Blofield has cropped up a few times as well.  My ancestors Thomas Dingle and Mary Ginby for example, were married there in 1782.  Thomas Dingle was from "Bradiston", which I eventually ascertained was Brayderston, a hamlet on the Blofield side of Strumpshaw.  Mary Ginby on the other hand, came from a family of Gynby, in a new village for the tree.  Several miles to the north, from the village of Woodbastwick, close to Salhouse. 

Most of my mother's paper ancestors lived on the loam soils north of the River Yare in East Norfolk.  However, sometimes I find lineages that have crossed the river from the south.  I found that this was the case with my ancestor Mary Gorll.  It turns out that she was born during 1741 in the small town of Loddon.  Spellings of her family surname in Loddon, varied from Gorll to Gall, Gaull, and Gaul.  She went on to marry my ancestor Henry Rose, at Loddon in 1768, and later they crossed the river to settle in Strumpshaw.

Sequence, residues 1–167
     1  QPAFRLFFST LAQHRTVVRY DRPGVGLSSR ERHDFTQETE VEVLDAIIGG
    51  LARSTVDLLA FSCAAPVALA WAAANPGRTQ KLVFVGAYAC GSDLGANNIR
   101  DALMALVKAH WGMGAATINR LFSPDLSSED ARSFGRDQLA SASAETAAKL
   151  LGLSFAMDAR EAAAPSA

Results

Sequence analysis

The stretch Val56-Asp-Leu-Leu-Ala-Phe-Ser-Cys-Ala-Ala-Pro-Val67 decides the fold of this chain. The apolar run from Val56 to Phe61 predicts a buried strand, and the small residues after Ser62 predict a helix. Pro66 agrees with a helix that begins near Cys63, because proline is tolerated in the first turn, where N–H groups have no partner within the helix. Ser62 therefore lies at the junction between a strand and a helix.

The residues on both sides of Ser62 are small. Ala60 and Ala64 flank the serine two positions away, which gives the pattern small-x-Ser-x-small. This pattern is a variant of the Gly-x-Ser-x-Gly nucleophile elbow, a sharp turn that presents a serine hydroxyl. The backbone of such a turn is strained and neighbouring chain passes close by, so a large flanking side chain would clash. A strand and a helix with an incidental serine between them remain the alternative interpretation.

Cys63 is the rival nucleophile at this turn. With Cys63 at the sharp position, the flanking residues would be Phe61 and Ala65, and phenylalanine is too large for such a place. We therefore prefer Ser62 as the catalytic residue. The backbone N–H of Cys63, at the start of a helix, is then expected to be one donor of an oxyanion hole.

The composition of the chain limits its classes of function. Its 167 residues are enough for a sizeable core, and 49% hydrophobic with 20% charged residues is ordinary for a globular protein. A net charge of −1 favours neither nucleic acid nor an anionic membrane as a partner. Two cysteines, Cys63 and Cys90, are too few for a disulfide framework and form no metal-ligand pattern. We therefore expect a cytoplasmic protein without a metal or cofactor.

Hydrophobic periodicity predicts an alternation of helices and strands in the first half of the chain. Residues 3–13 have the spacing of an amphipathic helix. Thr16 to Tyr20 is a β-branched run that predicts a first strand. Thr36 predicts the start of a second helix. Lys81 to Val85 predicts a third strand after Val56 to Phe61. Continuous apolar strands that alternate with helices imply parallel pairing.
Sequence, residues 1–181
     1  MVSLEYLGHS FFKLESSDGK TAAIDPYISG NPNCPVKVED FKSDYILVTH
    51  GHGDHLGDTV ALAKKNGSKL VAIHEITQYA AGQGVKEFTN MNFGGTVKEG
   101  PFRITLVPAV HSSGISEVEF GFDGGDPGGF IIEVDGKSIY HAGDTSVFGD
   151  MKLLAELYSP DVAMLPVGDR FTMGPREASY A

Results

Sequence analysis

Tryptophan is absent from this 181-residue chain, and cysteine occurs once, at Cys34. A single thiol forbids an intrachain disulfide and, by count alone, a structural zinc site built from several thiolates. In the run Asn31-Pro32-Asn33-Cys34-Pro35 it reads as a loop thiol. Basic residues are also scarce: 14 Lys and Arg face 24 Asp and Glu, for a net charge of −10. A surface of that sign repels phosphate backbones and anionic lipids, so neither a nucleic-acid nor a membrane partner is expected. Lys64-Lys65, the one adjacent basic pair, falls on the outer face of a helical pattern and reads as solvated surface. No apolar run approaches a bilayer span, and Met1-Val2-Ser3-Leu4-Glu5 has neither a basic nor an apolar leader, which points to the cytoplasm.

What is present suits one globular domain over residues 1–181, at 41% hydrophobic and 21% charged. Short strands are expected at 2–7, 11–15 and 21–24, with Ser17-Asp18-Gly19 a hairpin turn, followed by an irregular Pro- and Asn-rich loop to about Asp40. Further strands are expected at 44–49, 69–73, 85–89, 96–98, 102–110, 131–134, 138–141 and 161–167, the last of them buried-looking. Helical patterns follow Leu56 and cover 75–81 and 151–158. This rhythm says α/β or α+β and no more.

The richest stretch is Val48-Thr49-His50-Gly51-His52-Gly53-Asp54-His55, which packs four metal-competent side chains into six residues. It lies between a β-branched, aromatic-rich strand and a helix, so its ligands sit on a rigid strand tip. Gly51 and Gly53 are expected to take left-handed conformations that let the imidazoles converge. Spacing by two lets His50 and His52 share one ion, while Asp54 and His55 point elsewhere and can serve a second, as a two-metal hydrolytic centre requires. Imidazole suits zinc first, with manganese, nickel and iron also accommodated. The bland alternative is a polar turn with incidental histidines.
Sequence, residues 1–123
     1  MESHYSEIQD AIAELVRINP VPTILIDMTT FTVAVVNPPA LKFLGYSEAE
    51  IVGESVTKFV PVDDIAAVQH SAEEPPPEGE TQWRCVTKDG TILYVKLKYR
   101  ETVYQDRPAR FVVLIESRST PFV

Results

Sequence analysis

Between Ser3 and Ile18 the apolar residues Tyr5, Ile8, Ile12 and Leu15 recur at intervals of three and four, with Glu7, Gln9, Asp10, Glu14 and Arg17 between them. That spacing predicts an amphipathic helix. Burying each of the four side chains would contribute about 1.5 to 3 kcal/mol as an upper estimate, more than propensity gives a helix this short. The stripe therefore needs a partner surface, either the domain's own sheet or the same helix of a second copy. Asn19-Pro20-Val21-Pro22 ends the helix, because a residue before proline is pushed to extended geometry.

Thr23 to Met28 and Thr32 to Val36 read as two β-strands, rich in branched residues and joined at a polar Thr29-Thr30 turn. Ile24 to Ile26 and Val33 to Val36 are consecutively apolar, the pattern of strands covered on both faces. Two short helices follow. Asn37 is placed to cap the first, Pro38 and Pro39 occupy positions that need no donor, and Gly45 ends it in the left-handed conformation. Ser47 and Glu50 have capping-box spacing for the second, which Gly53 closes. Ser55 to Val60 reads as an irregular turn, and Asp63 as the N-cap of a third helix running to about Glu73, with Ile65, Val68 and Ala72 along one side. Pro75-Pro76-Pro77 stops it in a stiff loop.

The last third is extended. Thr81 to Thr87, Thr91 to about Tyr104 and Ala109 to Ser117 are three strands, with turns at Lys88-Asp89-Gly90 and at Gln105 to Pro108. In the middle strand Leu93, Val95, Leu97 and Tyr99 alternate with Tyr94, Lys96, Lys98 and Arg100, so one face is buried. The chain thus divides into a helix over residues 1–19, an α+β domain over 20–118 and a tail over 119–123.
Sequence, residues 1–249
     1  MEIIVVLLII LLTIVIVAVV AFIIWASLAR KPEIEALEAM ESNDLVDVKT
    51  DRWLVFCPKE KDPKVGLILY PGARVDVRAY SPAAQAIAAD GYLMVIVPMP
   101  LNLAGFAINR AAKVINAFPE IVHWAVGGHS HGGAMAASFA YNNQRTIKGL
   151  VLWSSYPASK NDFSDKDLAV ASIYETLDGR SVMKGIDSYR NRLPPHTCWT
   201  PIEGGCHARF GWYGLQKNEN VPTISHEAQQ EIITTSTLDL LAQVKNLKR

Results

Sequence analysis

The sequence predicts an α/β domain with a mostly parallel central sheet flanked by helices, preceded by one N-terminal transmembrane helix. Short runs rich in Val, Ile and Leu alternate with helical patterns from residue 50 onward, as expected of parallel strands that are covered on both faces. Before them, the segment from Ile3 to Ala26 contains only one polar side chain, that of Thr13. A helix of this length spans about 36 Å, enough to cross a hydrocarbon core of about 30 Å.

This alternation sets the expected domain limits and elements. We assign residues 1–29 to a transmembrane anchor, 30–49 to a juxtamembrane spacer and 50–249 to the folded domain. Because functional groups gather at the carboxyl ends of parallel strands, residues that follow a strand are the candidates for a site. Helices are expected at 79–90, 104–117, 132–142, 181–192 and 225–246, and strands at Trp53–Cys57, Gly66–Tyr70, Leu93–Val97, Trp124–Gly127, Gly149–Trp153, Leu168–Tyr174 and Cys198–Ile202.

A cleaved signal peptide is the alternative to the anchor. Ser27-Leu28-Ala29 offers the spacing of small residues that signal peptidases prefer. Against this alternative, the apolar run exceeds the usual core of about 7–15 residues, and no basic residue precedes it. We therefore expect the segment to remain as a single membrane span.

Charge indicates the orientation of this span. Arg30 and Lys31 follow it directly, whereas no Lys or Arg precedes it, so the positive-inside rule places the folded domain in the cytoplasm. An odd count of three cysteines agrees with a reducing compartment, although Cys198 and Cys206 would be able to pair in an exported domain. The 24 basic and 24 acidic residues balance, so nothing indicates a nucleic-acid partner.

Finally, I also got a bit lucky with my Merrison / Morrison ancestors.  Benjamin Merrison married my ancestor Lydia Norton at Lingwood in 1796.  They raised their children at Lingwood, including my ancestor Hopeful Barker (nee Morrison).  However, I didn't know where Benjamin Merrison originated from.  Without transcripts and online indexing, I'd have been very lucky to find stray ancestors like Benjamin - people that move from more than one or two parishes away.  It turns out that he was baptised as Benjamin Marison in 1759 at the hamlet of Repps-with-Bastwick, between Thurne and Bastwick, near to the River Thurne.

There you are.  New families on my mother's side - Gaul, Ransby, Morrison, Gynby.  New ancestral parishes in Norfolk - Loddon, Braydeston, Woodbastwick, and Repps-with-Bastwick

Software for Genealogy

My experience

I first took an interest in genealogy around 1989.  My interest grew, as did my very badly kept scraps of notes.  During the following decade, a number of computer databases designed for genealogy came onto the market, but I could only afford a used 8 bit Amstrad  computer, and merely had to do with typing it all up on Locoscript word processor.  In 1998, I finally moved onto a Windows 3.1 PC.  I soon came across an early version of Family Tree Maker - perhaps version 3 or 4.  I had to install it using a pile of floppy disks!